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Gaming & Training: The key to a kinder, more intelligent mankind?


The effects of violence in gaming pops up frequently within the media, case studies include Eric Harris and Dylan Klebold who were allegedly obsessed with the video game ‘Doom’ and killed 12 students and a teacher. In February, 2003, 16-year-old American Dustin Lynch was charged with aggravated murder and made an insanity defense that he was "obsessed" with ‘Grand Theft Auto III’. Research suggests that violent video games influence aggressive behaviour, aggressive affect, aggressive cognition, and physiological arousal. The one consistent finding is that the majority of the studies on very young children—as opposed to those in their teens upwards—tend to show that children do become more aggressive after either playing or watching a violent video game.

Pro - Social Behaviour

However, the question is, can gaming also influence pro-social behaviour? Three studies attempted to answer this question by looking at the behaviours of children in Japan, Singapore and the USA.

In Singapore, children made a list of their favorite characters, rated the number of times the character helped or harmed others and then answered questions about how likely they were to help people in need. Researchers found a strong link between playing prosocial games and helping others.

In Japan, individuals were surveyed about their exposure to prosocial games and they noted how often they helped other people in the month before. They were surveyed again after a gap of 3 to 4 months. The researchers found a major relationship between exposure to prosocial games and helpful behavior months later.

In the USA, students were made to play either a prosocial, violent or neutral game and were later asked to assign puzzles to randomly selected partners. They could choose to assign puzzles which were easy, medium or hard to complete. It was observed that the players who played prosocial games assigned easier puzzles to their partners whereas those who played violent games were more likely to assign the hardest of puzzles.


One of the authors further stated, “This suggests there is an upward spiral of prosocial gaming and helpful behavior, in contrast to the downward spiral that occurs with violent video gaming and aggressive behavior.”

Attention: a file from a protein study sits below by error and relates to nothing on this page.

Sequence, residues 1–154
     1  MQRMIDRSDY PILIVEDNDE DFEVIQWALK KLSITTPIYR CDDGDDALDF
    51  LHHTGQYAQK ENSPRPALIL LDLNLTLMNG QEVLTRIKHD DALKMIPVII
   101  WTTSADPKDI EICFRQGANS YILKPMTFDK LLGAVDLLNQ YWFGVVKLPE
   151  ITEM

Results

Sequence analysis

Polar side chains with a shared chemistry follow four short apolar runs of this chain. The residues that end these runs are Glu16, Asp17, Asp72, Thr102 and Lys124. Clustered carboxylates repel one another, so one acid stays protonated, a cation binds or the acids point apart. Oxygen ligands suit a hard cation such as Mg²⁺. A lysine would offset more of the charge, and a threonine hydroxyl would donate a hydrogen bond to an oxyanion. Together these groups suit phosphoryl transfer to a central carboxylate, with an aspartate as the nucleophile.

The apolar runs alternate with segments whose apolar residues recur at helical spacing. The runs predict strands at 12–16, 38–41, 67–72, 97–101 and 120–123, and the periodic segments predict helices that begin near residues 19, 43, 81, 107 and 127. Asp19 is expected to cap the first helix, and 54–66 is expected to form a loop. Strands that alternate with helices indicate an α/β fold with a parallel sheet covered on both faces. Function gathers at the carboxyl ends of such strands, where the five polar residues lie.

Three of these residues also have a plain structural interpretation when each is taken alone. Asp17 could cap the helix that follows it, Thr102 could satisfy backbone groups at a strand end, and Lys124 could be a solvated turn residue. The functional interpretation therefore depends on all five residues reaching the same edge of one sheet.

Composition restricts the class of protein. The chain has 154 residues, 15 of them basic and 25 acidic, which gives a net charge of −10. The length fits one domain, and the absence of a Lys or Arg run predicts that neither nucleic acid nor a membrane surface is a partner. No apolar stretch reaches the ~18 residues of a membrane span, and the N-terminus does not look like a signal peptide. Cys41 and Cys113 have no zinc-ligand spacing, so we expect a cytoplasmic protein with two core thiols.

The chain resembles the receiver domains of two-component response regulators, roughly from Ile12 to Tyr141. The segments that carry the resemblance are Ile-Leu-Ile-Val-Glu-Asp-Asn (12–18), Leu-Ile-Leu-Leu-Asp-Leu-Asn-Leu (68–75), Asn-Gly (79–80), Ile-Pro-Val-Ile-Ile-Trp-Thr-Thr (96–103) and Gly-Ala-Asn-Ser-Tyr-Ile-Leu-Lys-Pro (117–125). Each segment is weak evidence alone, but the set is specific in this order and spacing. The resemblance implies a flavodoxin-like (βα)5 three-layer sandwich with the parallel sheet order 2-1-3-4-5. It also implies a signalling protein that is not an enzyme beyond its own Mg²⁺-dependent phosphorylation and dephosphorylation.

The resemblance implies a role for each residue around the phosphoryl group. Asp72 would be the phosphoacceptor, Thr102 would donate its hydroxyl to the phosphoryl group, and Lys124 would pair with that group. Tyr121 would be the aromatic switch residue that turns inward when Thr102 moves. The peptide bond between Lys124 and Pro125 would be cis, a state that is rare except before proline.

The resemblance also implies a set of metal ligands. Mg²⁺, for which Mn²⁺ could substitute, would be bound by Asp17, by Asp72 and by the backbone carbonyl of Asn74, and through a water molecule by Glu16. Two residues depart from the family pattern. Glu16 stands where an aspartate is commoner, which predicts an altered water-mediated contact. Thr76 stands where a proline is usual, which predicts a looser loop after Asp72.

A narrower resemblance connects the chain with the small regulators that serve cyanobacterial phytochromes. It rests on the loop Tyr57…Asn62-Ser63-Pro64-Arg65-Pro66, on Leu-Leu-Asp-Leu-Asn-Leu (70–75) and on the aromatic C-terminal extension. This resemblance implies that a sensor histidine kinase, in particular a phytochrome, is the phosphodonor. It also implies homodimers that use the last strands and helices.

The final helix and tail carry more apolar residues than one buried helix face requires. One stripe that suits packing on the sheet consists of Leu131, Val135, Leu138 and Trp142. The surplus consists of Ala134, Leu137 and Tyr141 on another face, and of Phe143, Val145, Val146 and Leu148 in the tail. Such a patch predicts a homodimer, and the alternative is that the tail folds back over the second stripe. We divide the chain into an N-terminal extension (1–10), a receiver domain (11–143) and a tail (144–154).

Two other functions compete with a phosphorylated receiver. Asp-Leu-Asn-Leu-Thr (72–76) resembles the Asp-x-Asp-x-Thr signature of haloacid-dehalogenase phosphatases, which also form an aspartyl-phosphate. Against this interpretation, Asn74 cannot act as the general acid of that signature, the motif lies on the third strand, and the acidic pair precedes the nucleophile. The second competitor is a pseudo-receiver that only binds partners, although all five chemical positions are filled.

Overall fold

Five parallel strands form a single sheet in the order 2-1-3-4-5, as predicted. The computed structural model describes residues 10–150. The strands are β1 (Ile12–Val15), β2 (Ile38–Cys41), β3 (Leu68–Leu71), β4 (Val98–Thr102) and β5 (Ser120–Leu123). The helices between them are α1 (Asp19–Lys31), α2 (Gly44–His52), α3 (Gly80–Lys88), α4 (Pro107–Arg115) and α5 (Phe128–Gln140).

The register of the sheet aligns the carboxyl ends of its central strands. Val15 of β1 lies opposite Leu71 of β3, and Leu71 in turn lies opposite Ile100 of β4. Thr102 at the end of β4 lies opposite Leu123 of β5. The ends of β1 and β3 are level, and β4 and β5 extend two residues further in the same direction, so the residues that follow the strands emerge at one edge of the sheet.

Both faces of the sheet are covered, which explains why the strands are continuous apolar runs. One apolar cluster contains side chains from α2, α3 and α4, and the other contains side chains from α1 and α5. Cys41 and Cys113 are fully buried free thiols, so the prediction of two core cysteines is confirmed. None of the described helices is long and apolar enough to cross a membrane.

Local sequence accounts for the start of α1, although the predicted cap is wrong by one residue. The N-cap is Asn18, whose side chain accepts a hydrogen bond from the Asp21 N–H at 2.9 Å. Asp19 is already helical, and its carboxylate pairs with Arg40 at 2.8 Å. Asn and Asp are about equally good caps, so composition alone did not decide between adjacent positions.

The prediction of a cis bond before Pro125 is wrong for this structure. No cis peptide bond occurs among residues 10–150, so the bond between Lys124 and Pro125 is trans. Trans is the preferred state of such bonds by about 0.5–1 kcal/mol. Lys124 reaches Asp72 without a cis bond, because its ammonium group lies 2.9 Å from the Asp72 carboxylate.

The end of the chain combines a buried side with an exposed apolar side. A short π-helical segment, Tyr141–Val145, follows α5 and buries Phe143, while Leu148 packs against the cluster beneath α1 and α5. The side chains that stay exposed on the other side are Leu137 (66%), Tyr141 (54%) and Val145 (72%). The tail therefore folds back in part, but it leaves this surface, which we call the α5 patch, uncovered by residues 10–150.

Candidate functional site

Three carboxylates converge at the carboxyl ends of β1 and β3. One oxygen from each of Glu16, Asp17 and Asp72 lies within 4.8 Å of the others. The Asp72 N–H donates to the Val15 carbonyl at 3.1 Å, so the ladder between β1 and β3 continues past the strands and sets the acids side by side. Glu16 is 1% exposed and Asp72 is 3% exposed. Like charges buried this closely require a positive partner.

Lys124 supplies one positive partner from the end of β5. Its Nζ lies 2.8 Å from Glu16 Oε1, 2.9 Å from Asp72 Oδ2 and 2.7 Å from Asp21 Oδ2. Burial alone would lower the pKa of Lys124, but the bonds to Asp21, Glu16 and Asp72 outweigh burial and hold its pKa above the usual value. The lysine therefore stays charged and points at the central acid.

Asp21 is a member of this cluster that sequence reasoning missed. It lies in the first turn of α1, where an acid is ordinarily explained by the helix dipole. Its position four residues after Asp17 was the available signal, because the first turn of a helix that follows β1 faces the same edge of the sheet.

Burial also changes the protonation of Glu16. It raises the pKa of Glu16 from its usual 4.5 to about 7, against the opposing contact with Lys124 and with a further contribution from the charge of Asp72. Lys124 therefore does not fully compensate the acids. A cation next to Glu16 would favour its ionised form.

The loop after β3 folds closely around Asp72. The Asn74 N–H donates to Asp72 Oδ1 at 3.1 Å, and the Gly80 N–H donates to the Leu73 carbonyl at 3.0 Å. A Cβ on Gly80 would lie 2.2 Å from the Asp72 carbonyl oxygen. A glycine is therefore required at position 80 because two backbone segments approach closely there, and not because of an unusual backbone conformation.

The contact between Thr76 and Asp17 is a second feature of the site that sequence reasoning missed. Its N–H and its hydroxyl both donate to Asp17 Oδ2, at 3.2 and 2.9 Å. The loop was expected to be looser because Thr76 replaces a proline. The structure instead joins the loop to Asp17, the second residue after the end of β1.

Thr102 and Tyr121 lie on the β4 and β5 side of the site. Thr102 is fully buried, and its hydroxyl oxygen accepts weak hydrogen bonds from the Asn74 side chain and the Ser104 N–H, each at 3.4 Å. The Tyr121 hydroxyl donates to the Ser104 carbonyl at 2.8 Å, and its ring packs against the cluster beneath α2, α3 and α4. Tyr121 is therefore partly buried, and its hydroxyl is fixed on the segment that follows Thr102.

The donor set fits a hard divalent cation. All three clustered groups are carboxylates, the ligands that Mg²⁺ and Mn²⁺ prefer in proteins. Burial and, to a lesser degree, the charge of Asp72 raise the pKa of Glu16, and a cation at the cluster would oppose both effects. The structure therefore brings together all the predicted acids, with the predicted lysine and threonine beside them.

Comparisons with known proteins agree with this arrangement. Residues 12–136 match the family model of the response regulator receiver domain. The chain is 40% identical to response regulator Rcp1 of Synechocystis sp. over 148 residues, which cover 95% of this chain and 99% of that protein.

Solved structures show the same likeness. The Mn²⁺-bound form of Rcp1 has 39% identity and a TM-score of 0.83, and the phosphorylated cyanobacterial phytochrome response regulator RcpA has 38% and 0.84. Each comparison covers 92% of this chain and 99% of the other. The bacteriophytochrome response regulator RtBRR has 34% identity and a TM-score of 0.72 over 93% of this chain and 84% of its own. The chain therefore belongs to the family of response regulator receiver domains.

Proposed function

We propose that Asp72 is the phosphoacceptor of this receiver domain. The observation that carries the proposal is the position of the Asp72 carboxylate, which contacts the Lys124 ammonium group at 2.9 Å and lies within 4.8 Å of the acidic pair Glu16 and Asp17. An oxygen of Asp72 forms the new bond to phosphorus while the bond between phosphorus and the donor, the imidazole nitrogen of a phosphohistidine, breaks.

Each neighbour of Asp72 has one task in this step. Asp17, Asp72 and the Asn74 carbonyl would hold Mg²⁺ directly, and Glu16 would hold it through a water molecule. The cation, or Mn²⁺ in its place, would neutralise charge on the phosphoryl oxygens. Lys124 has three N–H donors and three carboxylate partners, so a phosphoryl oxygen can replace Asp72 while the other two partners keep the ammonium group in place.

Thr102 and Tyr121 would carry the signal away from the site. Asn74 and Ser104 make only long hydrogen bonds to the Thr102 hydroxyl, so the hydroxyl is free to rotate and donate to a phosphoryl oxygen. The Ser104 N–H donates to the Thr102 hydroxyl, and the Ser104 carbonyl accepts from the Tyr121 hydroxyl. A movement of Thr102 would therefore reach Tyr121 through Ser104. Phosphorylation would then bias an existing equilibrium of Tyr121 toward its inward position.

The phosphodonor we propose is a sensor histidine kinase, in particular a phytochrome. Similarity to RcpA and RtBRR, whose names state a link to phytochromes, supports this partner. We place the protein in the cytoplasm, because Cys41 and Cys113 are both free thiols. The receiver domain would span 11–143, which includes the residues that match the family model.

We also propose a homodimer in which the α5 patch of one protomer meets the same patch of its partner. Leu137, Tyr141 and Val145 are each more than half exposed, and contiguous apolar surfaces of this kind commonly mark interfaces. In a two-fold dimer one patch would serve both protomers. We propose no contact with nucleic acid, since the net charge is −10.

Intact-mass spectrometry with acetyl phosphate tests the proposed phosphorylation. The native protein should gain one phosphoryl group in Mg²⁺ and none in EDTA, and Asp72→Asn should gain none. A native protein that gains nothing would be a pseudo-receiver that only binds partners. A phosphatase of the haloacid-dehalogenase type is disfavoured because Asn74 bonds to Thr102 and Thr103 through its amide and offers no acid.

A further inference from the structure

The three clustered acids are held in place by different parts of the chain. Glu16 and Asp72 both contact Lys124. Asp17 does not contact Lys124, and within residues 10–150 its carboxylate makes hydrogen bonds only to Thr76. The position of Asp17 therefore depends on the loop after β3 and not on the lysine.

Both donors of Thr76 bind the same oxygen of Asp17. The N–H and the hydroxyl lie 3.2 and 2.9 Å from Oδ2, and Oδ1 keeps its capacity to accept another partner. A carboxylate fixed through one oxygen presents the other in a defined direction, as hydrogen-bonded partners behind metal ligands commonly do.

Learning Behaviour

In terms of learning behaviour, research has shown that a combination of structured teaching and a computer simulation was effective in teaching not only factual-level knowledge, but higher cognitive skills as well.

Researchers who gathered in Boston for the American Psychological Association convention detailed a series of studies suggesting video games can be powerful learning tools, from increasing younger students’ problem-solving potential to improving the skills of surgeons. One study even looked at whether playing “
World of Warcraft”, the world’s biggest multiplayer online game, can improve scientific thinking.

The conclusion?

Certain types of gaming have advantages beyond the virtual thrills of blowing up demons. Therefore, would it be beneficial to incorporate gaming into educating children in schools and training for staff?

If you have any thoughts or opinions on the topic please leave a comment. Similarly, if you are working on a project which involves gaming and behaviours, please contact us at innovation@kent.gov.uk.

- Kirsty Russell

Picture: Two young boys playing on a games console, with thanks to Sean Dreilinger for publishing on Flickr under a Creative Commons licience some rights reserved.




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1 comments:

  1. Jon Harvey said...
     

    Readers might be interested in the National Play Strategy - encouraging and investing in open air play!

    http://www.dcsf.gov.uk/play/

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